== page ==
Better When He's Bad (Welcome to the Point 1) - Page 44

“No. No one has seen much of him, but Benny’s been around way more than usual. They want her brother something fierce. Better keep her close, Bax. They figure out she can be used to draw Race out, they’ll take her.”

I shivered and leaned closer to Bax’s side. I didn’t like that Chuck was talking about me like I wasn’t there, but I liked what he was saying even less. I didn’t want to be a pawn in some criminals’ chess game.

Bax tucked me into the curve of his body and tilted his chin up.

“I think that’s why Race waited until I was out to go ghost. I think he knew they would have to get through me to take her, and that buys him time to play whatever hand he’s holding. Benny can f**k off and I welcome Novak trying to come anywhere near her. I would love to have one more reason to break his neck.”

He was always so violent. It should disgust me, make me want to run the other way. It didn’t. It made me feel like Benny and even the mysterious Novak would leave me alone because it wasn’t worth the trouble of tangling with him. Bax was a shield against the reality of living the kind of life I had no choice but to live.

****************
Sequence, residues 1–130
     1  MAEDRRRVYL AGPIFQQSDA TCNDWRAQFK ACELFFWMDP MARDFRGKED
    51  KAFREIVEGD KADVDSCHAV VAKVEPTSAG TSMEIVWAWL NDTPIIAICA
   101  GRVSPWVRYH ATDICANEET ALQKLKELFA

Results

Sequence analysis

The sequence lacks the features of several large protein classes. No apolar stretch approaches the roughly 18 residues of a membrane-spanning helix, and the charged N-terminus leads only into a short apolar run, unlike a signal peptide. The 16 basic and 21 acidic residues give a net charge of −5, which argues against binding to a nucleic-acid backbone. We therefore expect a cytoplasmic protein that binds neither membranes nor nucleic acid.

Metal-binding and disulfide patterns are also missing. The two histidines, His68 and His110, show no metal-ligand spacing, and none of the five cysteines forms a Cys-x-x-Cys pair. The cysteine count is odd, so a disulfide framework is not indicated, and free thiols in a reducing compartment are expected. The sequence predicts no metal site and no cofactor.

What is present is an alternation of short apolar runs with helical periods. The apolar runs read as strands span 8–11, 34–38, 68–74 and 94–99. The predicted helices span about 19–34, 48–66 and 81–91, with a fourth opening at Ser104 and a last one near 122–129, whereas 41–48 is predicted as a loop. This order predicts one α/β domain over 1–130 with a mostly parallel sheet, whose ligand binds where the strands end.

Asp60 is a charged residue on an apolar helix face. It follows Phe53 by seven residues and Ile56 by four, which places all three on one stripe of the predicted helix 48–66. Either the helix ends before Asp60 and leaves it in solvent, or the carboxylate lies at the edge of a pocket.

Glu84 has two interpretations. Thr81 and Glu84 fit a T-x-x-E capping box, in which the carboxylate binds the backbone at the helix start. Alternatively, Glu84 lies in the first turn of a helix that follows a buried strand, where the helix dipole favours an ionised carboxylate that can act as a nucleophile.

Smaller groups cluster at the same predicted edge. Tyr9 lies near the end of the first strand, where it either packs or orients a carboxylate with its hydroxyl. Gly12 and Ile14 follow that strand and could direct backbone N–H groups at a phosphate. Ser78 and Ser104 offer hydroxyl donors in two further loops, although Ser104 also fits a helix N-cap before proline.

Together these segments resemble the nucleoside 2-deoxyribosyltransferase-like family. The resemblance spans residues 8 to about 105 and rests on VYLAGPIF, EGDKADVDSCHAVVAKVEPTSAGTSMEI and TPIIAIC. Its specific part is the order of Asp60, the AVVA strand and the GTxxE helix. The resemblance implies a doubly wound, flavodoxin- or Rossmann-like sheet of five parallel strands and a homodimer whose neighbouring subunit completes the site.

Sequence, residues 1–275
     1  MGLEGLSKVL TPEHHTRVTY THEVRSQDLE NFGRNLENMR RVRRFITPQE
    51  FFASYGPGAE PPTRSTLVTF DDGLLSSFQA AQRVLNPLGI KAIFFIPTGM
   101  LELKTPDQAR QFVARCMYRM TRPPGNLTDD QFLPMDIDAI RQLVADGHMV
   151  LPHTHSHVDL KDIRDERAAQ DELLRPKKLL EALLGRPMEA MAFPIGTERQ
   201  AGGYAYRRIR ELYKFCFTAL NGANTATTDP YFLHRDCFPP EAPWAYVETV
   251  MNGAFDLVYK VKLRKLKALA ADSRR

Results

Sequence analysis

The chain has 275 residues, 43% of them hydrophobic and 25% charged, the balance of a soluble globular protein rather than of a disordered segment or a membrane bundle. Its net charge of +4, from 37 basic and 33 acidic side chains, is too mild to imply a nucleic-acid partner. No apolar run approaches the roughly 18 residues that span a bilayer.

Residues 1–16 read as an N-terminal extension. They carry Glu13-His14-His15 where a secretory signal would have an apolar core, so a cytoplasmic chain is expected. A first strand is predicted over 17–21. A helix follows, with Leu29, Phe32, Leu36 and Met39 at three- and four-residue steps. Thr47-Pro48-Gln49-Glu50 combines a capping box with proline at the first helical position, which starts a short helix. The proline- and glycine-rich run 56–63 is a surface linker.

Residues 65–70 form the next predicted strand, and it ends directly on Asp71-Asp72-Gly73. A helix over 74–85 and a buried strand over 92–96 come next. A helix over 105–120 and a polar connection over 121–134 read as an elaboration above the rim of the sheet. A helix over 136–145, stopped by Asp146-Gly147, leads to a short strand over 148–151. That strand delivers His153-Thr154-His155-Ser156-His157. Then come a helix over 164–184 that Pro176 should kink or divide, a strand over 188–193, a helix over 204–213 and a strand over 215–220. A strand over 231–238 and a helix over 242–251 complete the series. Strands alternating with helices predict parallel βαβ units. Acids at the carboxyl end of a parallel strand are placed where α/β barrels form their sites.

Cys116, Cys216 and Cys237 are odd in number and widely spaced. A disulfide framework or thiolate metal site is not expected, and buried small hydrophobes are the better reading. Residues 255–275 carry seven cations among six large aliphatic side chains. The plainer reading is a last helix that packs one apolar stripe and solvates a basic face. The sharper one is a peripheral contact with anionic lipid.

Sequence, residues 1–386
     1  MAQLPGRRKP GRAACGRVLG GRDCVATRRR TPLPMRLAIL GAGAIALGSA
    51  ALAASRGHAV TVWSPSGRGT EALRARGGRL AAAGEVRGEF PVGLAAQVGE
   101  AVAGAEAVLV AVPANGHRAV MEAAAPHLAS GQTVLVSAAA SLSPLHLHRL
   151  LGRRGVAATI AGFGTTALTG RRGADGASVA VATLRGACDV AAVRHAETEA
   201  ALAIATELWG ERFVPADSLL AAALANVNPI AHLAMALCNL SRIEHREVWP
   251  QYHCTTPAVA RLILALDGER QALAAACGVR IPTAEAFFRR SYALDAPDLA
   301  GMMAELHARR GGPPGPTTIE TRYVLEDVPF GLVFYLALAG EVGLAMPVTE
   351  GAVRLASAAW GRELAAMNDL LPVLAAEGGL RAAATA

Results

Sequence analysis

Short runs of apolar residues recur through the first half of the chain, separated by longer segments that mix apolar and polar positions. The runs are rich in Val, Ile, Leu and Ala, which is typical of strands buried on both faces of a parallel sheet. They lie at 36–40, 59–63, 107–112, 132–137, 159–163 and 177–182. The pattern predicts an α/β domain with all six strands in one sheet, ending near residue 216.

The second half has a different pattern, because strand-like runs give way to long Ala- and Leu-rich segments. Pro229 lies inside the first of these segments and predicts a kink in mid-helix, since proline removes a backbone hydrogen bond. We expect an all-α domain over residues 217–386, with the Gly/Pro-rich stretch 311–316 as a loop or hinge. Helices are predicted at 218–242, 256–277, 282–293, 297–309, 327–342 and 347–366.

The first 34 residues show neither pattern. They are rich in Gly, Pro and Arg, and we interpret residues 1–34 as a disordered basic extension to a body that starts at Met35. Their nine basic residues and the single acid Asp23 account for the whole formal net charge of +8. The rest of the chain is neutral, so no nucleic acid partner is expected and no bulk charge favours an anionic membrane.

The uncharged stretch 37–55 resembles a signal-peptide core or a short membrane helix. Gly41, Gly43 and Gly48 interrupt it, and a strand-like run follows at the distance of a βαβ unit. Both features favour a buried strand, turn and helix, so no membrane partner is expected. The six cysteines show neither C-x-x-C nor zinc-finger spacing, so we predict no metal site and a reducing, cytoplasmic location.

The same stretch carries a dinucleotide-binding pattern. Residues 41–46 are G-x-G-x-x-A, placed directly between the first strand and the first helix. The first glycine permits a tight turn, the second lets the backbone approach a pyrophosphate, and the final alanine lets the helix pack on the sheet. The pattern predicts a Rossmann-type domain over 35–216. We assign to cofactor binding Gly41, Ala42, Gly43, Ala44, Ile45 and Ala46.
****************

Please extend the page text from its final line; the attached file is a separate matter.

Bax seemed more keyed up than normal. He didn’t have the hood of his sweatshirt up around his face and his eyes kept bouncing around the room and then back to me. The place didn’t look so much like a trashy strip club tonight as it did a trashy casino. There were tables and dealers, and the girls who typically danced on the stage were walking around in itty-bitty outfits, handing out drinks and sitting on the laps of old men while the scent of dirty money and choking smoke from cigars filled my lungs. I felt Bax tense from where I was plastered against his side and he bent down so that his lips were practically touching my ear.